Some Las Vegas Valley families incorporate multiple religions into holiday traditions

Some celebrate the birth of Christ. Some light the menorah. But for couples and families from different religions, marking the winter holidays is an exercise in the art of compromise.


The Buccieris celebrate Christmas because husband Eddie is Catholic, and Hanukkah because wife Tobie is Jewish.

The Desert Shores couple met in high school and even discussed how to approach the holidays before tying the knot in 1982.

Tobie was adamant that there would be no Christmas tree. Eddie was OK with that. Their first holiday included Christmas dinner and blue lights strung around the house’s door and windows.

“That way, he got his Christmas spirit, but in blue, representing Hanukkah. So, it was the ‘cheat’ way of doing it,” Tobie said. “It relieved me of the guilt.”

They lit the menorah but had a Christmas Day celebration, too.

“And I was always very supportive,” Eddie said. “If someone mentioned Santa, I’d say, ‘But the ‘Hanukkah Man’ is coming, too.’”

About five years into their marriage, their son Adam was born. He got a stocking from Santa and presents for both Hanukkah and Christmas. Tobie made latkes — potato pancakes traditionally made on Hanukkah — and they sang songs associated with both religions.

“Adam had the best of both worlds,” Tobie said.

Fast-forward nearly 30 years and Adam, now a representative for a product called Never Too Hungover that’s billed as a hangover-prevention drink, moved back in with his parents temporarily.

They celebrated the holidays with a Christmas tree despite Tobie’s misgivings decades earlier.

“I said, ‘I don’t care anymore,’” she said, laughing. “I’m comfortable with it. Last year, we stuck little bottles of Never Too Hungover on it.”


Tina Yan and her husband of 13 years, Jay Kenyon, faced a similar dilemma before getting married. She is Christian. He is Jewish.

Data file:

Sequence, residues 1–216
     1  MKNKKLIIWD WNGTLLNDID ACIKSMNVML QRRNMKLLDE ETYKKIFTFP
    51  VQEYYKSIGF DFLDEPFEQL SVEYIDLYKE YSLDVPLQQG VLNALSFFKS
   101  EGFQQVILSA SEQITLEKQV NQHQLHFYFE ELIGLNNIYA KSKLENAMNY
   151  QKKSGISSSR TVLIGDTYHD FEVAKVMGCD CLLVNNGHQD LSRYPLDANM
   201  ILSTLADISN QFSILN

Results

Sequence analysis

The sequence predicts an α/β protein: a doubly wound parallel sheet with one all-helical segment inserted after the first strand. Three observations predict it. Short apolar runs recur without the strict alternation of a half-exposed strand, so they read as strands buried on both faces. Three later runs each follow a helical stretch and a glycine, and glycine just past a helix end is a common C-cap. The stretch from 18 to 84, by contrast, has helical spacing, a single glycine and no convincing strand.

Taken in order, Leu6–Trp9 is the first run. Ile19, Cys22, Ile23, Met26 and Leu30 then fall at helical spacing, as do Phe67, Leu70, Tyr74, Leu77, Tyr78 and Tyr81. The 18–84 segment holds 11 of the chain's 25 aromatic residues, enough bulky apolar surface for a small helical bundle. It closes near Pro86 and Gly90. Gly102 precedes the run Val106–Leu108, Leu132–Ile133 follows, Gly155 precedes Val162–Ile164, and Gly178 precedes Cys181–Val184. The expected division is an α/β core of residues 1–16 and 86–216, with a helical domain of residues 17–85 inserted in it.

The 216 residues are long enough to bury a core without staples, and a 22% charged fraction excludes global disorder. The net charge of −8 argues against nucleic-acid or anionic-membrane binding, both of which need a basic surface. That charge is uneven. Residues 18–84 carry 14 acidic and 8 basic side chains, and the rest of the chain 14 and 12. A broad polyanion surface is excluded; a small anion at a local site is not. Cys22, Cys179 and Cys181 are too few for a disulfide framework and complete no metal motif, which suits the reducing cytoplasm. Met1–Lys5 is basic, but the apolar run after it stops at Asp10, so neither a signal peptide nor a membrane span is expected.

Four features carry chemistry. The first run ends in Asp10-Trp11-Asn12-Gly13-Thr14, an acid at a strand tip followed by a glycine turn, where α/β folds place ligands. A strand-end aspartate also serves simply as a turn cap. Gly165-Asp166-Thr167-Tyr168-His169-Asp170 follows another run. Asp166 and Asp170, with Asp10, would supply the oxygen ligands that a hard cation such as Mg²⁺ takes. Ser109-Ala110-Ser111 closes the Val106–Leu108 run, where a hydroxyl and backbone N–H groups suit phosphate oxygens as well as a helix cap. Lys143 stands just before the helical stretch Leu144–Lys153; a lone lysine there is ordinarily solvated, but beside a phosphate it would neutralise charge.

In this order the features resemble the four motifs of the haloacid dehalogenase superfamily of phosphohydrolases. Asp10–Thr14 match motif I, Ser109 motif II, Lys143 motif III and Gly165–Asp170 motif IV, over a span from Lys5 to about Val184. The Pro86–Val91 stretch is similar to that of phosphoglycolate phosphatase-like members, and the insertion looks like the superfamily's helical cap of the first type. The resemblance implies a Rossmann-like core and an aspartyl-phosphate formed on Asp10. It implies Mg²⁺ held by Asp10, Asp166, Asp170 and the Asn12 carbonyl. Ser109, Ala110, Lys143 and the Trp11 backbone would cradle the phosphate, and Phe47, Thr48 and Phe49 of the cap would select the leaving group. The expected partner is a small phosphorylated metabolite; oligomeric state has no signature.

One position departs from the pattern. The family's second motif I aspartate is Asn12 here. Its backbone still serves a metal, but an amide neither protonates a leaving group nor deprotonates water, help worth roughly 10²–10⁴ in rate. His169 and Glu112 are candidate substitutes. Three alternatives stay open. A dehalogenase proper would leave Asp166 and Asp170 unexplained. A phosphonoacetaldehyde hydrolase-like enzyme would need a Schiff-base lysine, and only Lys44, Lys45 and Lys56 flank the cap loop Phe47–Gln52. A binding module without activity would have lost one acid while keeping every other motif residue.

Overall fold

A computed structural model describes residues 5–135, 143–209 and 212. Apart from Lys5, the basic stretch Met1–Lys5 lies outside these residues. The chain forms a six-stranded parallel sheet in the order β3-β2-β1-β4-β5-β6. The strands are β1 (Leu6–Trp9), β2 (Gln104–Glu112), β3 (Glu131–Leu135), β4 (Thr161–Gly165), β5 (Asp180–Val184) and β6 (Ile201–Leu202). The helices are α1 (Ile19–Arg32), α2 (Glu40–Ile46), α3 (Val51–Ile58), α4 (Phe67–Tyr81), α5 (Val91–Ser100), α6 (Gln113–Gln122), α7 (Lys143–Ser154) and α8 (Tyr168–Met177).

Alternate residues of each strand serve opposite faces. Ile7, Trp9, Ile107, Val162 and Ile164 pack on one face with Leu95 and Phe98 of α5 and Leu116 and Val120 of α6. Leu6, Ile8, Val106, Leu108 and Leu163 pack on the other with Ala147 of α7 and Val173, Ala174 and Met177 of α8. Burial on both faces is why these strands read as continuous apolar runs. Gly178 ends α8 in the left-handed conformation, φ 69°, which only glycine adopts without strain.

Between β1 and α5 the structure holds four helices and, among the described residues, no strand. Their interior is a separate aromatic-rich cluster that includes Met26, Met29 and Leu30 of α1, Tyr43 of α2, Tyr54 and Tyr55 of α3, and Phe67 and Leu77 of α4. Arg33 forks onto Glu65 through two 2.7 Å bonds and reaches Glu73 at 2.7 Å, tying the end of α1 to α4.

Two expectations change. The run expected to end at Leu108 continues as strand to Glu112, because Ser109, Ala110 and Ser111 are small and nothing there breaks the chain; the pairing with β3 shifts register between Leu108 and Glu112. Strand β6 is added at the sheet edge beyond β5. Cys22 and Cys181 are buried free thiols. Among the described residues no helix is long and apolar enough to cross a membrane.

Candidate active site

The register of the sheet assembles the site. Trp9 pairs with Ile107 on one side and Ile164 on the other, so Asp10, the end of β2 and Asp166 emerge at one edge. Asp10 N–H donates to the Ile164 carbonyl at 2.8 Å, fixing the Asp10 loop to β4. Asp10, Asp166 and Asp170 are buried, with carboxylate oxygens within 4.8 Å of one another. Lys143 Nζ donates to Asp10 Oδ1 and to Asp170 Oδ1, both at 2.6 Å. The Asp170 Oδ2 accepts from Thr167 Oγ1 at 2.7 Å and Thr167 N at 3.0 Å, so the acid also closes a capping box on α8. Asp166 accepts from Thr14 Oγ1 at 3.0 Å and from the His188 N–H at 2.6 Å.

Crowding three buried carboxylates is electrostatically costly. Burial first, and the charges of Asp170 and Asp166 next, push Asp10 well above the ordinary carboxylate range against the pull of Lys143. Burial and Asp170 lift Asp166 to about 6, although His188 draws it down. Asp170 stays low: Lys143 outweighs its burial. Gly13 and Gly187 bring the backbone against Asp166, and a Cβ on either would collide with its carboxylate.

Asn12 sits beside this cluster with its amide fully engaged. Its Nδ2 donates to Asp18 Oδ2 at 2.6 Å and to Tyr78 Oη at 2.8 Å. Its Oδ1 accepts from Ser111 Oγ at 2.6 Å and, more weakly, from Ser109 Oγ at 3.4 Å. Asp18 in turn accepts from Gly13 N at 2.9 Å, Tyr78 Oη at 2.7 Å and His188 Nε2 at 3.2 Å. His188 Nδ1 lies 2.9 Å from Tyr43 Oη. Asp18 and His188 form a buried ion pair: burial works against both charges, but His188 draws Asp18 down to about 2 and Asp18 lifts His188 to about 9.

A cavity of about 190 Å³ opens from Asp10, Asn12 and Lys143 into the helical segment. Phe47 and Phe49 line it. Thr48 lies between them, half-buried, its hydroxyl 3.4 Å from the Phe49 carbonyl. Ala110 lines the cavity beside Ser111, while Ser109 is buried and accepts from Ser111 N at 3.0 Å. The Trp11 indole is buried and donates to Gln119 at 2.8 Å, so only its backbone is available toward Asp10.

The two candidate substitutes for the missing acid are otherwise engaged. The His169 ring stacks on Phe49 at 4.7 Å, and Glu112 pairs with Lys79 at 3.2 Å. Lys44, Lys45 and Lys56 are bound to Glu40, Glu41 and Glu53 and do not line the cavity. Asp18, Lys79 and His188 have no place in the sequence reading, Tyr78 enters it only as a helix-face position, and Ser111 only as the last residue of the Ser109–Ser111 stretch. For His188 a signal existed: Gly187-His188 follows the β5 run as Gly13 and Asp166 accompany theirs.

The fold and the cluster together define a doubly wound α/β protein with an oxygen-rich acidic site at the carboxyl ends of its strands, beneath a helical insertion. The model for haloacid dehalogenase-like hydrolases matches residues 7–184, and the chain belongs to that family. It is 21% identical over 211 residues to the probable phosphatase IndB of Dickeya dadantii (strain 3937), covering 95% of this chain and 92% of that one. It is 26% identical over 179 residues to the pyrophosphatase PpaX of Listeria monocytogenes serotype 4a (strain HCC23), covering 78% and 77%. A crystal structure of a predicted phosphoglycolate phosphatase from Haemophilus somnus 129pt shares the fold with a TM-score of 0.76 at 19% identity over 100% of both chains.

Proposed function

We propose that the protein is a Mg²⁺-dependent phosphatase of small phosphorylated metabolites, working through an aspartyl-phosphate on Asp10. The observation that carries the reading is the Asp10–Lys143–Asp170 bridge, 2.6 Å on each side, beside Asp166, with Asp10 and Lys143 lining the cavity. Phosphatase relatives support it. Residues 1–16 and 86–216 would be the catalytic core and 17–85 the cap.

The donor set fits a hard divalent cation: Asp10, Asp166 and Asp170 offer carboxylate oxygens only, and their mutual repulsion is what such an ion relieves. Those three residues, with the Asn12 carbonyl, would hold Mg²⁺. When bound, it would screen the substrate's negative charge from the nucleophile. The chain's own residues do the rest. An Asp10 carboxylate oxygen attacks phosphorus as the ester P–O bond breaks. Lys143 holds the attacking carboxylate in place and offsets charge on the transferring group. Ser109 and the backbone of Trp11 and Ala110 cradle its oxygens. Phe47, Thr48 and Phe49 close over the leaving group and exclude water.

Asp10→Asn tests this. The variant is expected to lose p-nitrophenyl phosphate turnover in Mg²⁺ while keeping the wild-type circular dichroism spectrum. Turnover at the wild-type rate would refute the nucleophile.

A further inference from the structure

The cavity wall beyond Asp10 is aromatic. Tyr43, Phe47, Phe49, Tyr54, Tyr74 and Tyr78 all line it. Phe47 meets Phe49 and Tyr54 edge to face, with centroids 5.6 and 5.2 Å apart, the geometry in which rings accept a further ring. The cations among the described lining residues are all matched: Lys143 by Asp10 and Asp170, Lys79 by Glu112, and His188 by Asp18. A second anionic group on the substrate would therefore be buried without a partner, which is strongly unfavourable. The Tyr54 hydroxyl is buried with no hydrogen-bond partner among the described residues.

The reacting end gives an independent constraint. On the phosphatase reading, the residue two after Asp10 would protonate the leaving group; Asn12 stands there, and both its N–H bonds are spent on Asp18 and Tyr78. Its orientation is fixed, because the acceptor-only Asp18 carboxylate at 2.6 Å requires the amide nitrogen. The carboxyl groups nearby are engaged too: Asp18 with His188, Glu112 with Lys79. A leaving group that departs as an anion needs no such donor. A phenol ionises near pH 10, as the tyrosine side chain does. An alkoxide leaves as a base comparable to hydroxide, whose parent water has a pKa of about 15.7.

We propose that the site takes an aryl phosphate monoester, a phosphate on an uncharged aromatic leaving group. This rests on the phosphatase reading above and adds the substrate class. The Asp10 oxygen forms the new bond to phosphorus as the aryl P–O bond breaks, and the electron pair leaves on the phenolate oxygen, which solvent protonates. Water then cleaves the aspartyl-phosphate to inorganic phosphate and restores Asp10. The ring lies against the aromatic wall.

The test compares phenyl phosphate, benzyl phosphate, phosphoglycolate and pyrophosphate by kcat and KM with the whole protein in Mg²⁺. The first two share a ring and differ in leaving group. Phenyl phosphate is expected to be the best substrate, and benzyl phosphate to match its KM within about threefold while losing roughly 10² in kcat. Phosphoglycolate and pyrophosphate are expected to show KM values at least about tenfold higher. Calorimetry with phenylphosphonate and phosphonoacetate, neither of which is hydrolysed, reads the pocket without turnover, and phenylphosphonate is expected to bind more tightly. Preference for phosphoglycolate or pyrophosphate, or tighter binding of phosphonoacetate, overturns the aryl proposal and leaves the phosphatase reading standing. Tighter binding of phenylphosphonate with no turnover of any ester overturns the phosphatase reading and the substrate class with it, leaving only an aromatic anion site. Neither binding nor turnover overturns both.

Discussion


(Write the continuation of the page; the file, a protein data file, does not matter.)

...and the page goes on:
They vowed to honor both religions while keeping them separate.

“We didn’t want to dilute either holiday,” she said.

Their children, Kenyon, 6, and Avi, 10, attend a Jewish religious school. Family members light a candle on each of the eight nights of Hanukkah, but they also celebrate the birth of Christ. Occasionally, the children accompany their mother to Sunday services.

“We go, ‘Here’s what Mommy believes and here’s what Daddy believes,’” Jay said.

Tina is Chinese, so they incorporate a lot of cultural traditions, such as Chinese New Year. When the children were born, each had a bris (a Jewish ceremony) as well as red-egg parties, marking an infant’s first month.

“It obviously stems out of infant mortality concerns,” she said.

Meanwhile, the family began decorating in early December — the tree, a Mezuzah on the door, a menorah and vintage Chinese art on the wall.


Another family, the Sligars, also incorporates Chinese traditions into the winter holidays.

Chloe Sligar, 4, is half-Chinese and knows how to say “hello” and “I don’t know” and count to 10 in Chinese. She lives with her mother, Nicole.

Nicole said she has loved Chinese culture since long before her daughter was born. She lived in China, where Chloe’s father is from, for a while. Nicole has tried to visit more frequently to keep Chloe rl connected to her Chinese side of the family and their culture.

Nicole said it’s important for Chloe to honor Chinese traditions alongside American holidays. Every Christmas, Nicole — who practices no particular religion — takes Chloe to visit her aunt, who is Mormon, and participates in a Nativity play with her aunt’s family.

The Sligars celebrate Christmas but also prepare for Chinese New Year. They purchase bright-red Chinese ornaments that hang near the front door year-round.

“There’s a legend that says there is a dragon that lives in the Chinese mountains,” Nicole said. “He doesn’t like red or loud noises, so a lot of the Chinese traditions have to do with keeping that dragon away.”

Each gets a new pair of shoes and a haircut, symbolizing a fresh, clean start for the new year.

Together, the two attend the Chinese New Year celebration in Las Vegas’ Chinatown district. Nicole said Chloe, who is learning kung fu, may be part of the holiday performances soon.